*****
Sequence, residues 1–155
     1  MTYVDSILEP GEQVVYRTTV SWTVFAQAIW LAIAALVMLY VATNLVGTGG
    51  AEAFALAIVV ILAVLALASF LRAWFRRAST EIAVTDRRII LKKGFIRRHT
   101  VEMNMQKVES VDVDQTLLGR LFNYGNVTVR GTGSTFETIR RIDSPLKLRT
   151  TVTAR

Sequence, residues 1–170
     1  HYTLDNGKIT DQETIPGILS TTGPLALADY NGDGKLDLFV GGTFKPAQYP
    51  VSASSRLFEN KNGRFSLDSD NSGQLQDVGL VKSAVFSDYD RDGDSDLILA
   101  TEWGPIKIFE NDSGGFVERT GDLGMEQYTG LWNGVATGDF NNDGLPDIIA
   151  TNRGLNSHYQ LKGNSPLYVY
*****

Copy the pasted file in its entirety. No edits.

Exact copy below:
Sequence, residues 1–155
     1  MTYVDSILEP GEQVVYRTTV SWTVFAQAIW LAIAALVMLY VATNLVGTGG
    51  AEAFALAIVV ILAVLALASF LRAWFRRAST EIAVTDRRII LKKGFIRRHT
   101  VEMNMQKVES VDVDQTLLGR LFNYGNVTVR GTGSTFETIR RIDSPLKLRT
   151  TVTAR

Sequence, residues 1–170
     1  HYTLDNGKIT DQETIPGILS TTGPLALADY NGDGKLDLFV GGTFKPAQYP
    51  VSASSRLFEN KNGRFSLDSD NSGQLQDVGL VKSAVFSDYD RDGDSDLILA
   101  TEWGPIKIFE NDSGGFVERT GDLGMEQYTG LWNGVATGDF NNDGLPDIIA
   151  TNRGLNSHYQ LKGNSPLYVY